Perfume Collector (Review)
The Perfume Collector
Book Review by Molly Lundquist
Kathleen Tessaro, 2013
Reading this lovely novel, it's hard not to think of The Language of Flowers
. The similarities are thematic: both are coming-of-age stories—and where one uses flowers, the other uses perfume as a gateway to self-knowledge.
In 1955, Londoner Grace Munroe learns she has inherited a sizable estate from Eva D'Orsey, a Frenchwoman. Yet Grace has no idea who Eva is, let alone why she left Grace her money.
Even more disconcerting is Eva's stated purpose in passing her estate on to Grace: Eva wanted to ensure Grace would always have "le droit de choisir
"—the right to choose. But this is a problem for Grace:
No one had ever advocated her independence before. The entire success of her...whole career as a woman depended on her cheerful, uncomplicated dependence, first on her family and then on her husband.
Grace comes tightly wrapped, shying away from food that tastes too much or scents that smell "too loud." For Grace, life is a matter of coming to your senses. Yet her charming French lawyer suggests that "coming to your senses" might refer not to rationality, as the staid English would have it, but to our physical senses:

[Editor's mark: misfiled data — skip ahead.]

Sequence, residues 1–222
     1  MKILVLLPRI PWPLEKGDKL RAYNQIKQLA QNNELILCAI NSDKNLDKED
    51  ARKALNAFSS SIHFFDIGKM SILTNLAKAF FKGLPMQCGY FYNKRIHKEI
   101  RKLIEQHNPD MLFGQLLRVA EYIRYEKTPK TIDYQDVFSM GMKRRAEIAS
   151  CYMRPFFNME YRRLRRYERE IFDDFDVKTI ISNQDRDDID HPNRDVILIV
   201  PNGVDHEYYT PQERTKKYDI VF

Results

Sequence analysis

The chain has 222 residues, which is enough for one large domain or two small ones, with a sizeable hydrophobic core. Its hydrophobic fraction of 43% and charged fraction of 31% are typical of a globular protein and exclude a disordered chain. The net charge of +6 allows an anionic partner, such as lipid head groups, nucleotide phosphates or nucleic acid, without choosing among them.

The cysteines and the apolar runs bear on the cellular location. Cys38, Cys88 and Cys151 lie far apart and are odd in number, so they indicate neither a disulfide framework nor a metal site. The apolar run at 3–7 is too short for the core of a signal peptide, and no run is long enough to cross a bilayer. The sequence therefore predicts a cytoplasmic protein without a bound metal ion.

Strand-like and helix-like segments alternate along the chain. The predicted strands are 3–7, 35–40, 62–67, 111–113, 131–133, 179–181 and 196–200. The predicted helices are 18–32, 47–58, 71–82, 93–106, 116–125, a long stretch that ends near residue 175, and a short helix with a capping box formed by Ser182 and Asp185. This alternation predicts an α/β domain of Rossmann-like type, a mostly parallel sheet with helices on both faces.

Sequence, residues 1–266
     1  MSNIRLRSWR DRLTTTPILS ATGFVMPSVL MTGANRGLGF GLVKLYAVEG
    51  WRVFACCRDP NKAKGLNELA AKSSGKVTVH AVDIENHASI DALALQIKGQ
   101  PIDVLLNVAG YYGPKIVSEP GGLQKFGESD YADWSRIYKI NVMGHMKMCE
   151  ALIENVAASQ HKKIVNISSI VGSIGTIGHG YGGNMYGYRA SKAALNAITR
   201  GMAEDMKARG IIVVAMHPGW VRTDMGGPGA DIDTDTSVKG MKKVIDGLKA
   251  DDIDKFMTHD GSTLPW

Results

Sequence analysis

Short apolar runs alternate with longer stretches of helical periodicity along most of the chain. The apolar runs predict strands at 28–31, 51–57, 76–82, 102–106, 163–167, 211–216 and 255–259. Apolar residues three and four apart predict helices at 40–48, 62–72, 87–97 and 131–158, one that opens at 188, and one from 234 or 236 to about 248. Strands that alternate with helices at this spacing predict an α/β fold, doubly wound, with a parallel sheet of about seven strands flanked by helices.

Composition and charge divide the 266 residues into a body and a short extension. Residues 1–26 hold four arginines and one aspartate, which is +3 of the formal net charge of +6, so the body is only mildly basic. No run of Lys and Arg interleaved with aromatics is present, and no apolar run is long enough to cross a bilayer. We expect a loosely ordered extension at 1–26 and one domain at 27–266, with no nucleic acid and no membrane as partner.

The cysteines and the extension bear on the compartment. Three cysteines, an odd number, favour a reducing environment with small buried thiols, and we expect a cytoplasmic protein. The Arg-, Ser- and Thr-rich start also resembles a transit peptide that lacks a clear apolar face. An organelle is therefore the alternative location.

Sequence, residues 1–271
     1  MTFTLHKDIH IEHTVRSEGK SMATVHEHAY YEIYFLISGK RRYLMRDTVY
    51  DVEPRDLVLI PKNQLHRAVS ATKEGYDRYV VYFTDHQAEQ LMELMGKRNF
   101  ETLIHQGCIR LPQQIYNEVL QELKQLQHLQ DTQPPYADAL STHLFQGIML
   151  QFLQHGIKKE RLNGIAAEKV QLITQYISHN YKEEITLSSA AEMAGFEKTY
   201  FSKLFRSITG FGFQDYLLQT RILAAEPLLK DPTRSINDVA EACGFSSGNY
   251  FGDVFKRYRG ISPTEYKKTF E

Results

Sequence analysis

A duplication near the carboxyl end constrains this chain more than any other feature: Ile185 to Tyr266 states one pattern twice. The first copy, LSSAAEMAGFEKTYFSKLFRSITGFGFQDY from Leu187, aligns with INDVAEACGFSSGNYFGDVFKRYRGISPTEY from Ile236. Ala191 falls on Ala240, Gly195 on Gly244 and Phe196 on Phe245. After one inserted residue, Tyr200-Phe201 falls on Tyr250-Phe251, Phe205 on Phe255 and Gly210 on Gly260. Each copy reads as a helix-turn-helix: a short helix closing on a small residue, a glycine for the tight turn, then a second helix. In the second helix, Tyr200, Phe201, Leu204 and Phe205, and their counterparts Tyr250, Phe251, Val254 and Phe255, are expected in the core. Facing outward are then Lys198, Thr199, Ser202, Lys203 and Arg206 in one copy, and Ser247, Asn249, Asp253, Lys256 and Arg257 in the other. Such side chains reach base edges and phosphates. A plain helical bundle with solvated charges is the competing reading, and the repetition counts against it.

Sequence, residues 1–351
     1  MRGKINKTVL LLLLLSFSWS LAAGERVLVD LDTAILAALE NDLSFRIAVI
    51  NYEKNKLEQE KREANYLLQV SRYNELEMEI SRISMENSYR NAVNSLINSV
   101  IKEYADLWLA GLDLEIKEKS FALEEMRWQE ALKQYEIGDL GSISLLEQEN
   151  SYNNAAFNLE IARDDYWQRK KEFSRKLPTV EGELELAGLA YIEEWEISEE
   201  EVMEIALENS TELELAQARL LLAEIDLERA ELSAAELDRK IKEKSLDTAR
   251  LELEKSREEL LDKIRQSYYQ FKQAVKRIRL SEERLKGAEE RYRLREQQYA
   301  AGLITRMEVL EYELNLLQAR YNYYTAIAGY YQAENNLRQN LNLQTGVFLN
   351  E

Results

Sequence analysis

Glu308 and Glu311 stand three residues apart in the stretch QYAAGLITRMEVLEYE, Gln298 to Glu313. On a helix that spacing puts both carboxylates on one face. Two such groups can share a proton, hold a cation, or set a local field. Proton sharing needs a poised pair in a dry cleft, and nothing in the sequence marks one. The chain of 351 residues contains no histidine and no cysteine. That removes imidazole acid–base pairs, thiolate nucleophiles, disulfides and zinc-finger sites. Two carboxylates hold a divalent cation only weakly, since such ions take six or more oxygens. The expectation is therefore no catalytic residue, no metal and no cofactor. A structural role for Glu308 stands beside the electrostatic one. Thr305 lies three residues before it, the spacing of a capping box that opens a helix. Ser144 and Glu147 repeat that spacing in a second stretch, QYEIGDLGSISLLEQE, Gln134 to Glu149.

Maybe we need to literally...return to our [five senses] and find sustenance in them, inspiration. Life is, after all, a sensual experience. Our senses have the power to truly transport us but also to ground us. Make us human.
This, of course, is one of the lessons Grace must learn. And when she discovers an exotic but abandoned perfumery in Paris, she sets off on her course of study.
Alternating with Grace's journey is that of Eva D'Orsey's. Eva's story begins in 1927 at the age of 14. It is Eva's story, more so than Grace's, that captures our attention. Given the strength of her personality, her cleverness and drive, Eva is the more compelling character. We follow her story with relish—and, of course, that story involves perfume.The Perfume Collector
contains delectable descriptions of perfumes, their effect on the senses, and their ability to inspire the imagination. Perfume, one character says, is aspiration. Book clubs should love this book and find lots to discuss.
See our Reading Guide for The Perfume Collector